Tuesday, 15 May 2007

Bio-ethanol, and mass starvation

The US, at long last has finally decided that it has to produce renewable energy. And it has also realised that the huge grain surplus it produces is a good source of bio-ethanol. President Bush in his State of the Union address set a production goal for 2017 of 35 billion gallons of alternative fuels. That will need one hell of a lot of grain -- and it has been pointed out that the impact of this one the world's poorest countries will be devastating. This is because the world's food aid programmes generally have fixed budgets, consequently if the US grain surplus dwindles, the market price of what's left will go through the roof, and the funds available to supple the grain to the world's poorest countries will not be sufficient.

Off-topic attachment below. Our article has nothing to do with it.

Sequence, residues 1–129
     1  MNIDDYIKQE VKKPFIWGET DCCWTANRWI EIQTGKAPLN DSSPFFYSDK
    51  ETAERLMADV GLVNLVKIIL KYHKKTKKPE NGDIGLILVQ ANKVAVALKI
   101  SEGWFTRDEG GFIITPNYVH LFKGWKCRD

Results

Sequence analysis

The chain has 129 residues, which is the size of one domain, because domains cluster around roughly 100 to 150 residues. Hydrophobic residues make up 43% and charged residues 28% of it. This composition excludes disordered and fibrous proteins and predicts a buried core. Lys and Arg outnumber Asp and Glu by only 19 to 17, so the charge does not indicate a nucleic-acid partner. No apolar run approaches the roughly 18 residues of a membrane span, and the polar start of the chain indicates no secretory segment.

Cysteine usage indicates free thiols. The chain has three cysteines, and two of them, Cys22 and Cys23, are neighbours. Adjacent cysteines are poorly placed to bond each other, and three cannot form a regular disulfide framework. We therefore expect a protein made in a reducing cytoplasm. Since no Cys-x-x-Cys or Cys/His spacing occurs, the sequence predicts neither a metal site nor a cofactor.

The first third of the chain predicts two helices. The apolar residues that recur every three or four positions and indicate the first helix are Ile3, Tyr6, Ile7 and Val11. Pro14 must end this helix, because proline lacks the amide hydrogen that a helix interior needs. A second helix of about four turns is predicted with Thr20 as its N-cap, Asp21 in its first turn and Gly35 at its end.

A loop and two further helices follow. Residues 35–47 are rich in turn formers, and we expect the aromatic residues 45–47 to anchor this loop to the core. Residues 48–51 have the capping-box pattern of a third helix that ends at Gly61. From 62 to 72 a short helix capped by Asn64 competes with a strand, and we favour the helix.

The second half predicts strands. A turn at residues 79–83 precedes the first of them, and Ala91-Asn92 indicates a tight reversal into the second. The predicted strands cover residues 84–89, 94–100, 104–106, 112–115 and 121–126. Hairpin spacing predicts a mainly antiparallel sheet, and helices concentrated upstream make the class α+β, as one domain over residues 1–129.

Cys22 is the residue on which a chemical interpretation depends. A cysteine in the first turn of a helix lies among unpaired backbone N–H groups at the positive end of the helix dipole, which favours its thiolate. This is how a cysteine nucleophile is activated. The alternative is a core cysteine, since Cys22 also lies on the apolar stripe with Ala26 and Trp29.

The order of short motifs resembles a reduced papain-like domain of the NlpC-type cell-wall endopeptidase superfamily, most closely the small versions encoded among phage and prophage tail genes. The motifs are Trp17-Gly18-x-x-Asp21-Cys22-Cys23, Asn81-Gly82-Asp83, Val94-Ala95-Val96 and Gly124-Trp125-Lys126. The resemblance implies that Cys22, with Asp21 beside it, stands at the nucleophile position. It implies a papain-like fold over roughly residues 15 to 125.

And the knock-on does not stop there. If the US finds a ready market for its grain surpluses, and the UK starts growing more and more rapeseed, this will mean that the developed world will import more cheap food from developing countries. Overall this will undoubtedly push world food prices up. The increase will have very little impact on the wealthy nations of the world, where the cost of food is a negligible proportion of the day to day living costs. But in the poorest countries it will be devastating -- forcing millions into starvation.

And this is all without even considering the ecological consequences, of converting more marginal lands in the tropics for intensive agriculture, its use of pesticides, water for irrigations, etc etc etc.
As ever, politicians and economists look at short-term fixes, with little regard for long-term solutions.

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